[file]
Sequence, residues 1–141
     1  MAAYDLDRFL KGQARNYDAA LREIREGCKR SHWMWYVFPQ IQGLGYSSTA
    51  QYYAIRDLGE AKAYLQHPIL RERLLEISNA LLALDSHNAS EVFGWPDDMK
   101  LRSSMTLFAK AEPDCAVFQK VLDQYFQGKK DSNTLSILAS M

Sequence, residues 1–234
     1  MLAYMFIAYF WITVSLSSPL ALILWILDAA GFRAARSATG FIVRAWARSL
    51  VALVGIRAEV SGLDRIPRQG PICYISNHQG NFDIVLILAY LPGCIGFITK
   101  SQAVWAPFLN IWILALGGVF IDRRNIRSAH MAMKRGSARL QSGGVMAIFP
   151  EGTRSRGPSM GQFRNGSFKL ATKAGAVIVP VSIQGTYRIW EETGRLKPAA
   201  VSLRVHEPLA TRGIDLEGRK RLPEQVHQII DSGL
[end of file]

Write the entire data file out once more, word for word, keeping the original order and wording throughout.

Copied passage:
Sequence, residues 1–141
     1  MAAYDLDRFL KGQARNYDAA LREIREGCKR SHWMWYVFPQ IQGLGYSSTA
    51  QYYAIRDLGE AKAYLQHPIL RERLLEISNA LLALDSHNAS EVFGWPDDMK
   101  LRSSMTLFAK AEPDCAVFQK VLDQYFQGKK DSNTLSILAS M

Sequence, residues 1–234
     1  MLAYMFIAYF WITVSLSSPL ALILWILDAA GFRAARSATG FIVRAWARSL
    51  VALVGIRAEV SGLDRIPRQG PICYISNHQG NFDIVLILAY LPGCIGFITK
   101  SQAVWAPFLN IWILALGGVF IDRRNIRSAH MAMKRGSARL QSGGVMAIFP
   151  EGTRSRGPSM GQFRNGSFKL ATKAGAVIVP VSIQGTYRIW EETGRLKPAA
   201  VSLRVHEPLA TRGIDLEGRK RLPEQVHQII DSGL